If you were a practiced Tekken master, fighting Legs Man and other button bushing flukers, you could still show off though, it’s just newbs could win the odd fight and so not ragequit and still want to stay in the game.
Tekken 3 also had great graphics at the time and after playing previous Tekkens it felt like the formula had been honed perfectly. The headroom was lower and juggle combos worked better, you could sidestep adding a bit more three dimensionality and the pace of the action was faster and more fluid.
The reason I'm calling out Tekken 3 as my favourite PS1 game is down to the fact that its the fighting game I’ve spent most time with. I could be bothered to get really good at it and put a lot of time on practice mode to learn the move-sets. I loved the almost musical. 'slow, quick, quick, slow' of the 10 hit combos and the methodical way you began to approach fights as you mastered a character's moves.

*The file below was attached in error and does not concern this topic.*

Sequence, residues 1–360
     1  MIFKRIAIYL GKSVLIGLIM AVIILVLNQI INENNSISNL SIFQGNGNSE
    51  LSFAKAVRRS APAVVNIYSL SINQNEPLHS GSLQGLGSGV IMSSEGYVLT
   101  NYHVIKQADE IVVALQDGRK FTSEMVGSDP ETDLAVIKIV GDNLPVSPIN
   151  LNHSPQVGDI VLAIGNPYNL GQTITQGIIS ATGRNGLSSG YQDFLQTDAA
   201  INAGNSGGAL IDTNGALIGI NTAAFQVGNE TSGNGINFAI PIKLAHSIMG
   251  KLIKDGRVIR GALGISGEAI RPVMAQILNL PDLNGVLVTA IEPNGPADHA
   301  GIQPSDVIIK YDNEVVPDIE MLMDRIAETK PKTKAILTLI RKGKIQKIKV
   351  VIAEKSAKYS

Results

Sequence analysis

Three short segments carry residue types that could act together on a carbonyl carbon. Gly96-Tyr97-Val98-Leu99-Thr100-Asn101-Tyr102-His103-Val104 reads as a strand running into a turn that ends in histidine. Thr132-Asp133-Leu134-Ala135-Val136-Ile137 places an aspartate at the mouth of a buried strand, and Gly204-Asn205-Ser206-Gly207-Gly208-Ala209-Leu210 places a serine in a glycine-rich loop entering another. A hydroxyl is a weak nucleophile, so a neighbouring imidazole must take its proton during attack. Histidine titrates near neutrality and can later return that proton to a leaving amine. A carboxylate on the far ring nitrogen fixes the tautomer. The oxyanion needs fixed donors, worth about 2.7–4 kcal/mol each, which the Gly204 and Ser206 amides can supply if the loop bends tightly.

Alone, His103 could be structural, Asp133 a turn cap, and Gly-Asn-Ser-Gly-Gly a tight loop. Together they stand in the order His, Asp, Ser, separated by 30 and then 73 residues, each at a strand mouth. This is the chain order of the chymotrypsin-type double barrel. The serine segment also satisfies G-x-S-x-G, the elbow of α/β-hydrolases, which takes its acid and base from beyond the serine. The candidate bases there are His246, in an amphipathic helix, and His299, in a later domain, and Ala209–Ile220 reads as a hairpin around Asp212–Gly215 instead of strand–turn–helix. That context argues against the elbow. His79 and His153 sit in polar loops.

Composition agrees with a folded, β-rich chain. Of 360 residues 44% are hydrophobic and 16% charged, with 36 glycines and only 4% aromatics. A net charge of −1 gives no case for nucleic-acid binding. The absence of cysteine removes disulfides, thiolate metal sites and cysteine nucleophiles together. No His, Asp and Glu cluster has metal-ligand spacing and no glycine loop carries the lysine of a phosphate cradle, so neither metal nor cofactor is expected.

Tekken 3 also brought in some of my favourite characters from the series. Bryan Fury, who I’m convinced is a homage to Rutger Hauer’s portrayal of Replicant, Roy Batty in Blade Runner, the Tae Kwon Do kick-master Hwoarang - who felt like a more hardcore version of Baek and Xiaoyu, my go-to character in subsequent Tekkens as she is fast, ticksy and can slap you hard - her ‘straddle your head and punch you in the throat’ move is always satisfying when you pull it off.